Australian Open 2014: When Will The Hate End?
Disclosure/preamble No. 1: Doots will have an Australian Open wrap-up. She’ll be sure to celebrate Stanislas Wawrinka’s win, so I’ll let her focus on that piece. I have it in me to celebrate Stan’s win as well, but in much the same way that a newspaper would have two writers cover different angles of a story, I’ll deal with one story so Doots can have the other, more pleasant task.
Disclosure/preamble No. 2: You know me as a tennis fan who writes about the sport. I have not expected to cover the sport, but there might finally be a chance that I’ll do so as a stay-at-home blogger before too long. Therefore, it’s good for me if I write something that isn’t meant solely for an audience of Federer fans.
On with the show…
Here I was, prepared to offer a far-ranging wrap-up of the 2014 Australian Open and write something bundled in a tidy thematic pouch. I had all the major points of emphasis lined up. No matter who won Sunday’s men’s final between Rafael Nadal and Stanislas Wawrinka, the template was there. Keeping in mind that the greatest achievement of Nadal’s career (just one person’s opinion, of course) was forged in Melbourne in 2009, I was expecting another crowning moment to occur in this match. However, if Nadal lost to Wawrinka, I still could have produced an essay with all of my larger planned themes intact.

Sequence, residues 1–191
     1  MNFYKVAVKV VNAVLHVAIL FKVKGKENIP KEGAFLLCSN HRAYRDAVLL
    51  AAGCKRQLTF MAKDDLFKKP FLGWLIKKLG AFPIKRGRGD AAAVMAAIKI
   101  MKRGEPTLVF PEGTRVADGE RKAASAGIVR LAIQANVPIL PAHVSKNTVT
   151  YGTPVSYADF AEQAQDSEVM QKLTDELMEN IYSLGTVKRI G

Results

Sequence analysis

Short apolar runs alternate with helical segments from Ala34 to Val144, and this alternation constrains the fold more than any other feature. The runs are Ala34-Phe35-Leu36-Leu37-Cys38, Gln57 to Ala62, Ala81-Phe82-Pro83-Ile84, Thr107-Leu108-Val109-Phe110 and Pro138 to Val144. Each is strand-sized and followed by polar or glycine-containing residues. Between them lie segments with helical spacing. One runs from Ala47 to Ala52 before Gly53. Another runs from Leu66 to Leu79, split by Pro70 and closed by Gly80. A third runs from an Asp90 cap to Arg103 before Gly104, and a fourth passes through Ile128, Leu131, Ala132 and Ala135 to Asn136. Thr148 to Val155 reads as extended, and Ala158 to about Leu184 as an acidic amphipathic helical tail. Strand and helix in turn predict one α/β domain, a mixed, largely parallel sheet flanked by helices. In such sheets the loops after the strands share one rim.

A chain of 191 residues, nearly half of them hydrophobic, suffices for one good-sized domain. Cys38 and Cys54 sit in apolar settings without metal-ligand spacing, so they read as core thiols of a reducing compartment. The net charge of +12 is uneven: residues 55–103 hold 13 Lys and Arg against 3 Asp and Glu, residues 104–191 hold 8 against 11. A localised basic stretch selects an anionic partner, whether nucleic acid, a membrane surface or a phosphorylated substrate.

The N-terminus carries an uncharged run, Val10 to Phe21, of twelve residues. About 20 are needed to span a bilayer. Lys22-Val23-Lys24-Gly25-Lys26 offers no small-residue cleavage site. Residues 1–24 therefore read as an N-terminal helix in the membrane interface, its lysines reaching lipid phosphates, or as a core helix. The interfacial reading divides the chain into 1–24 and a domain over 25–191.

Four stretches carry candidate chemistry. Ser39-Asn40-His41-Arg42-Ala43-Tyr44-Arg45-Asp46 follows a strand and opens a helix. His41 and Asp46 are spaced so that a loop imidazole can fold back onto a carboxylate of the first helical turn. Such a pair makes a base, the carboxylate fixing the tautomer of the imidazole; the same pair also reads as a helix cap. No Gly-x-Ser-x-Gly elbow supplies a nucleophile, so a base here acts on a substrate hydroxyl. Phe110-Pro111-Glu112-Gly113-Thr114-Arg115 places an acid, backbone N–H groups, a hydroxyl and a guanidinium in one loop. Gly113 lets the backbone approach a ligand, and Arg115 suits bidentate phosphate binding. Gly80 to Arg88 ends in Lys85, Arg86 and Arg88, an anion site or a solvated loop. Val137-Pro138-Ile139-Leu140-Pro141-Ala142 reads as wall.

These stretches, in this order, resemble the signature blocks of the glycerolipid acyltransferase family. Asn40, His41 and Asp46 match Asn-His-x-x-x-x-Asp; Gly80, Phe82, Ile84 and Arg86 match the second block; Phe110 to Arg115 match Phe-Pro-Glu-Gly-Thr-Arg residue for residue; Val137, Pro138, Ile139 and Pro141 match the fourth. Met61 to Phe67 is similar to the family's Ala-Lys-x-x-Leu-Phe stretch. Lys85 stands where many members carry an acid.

Then, however, an injury reared its ugly head… or lower back, as the case may be.
Predictably, all hell broke loose on Twitter, where I have regularly watched tennis matches over the past five years (since 2009 Wimbledon).
Twitter is a contentious place, no matter the subject, but if there’s one thing Tennis Twitter really can’t handle well, it’s an injury to a top player and the complications such a situation elicits. Put this kind of scenario in a major final, and you have a powder keg that’s 10,000 times more freighted with the power to blow up a big building. It’s just the way it is.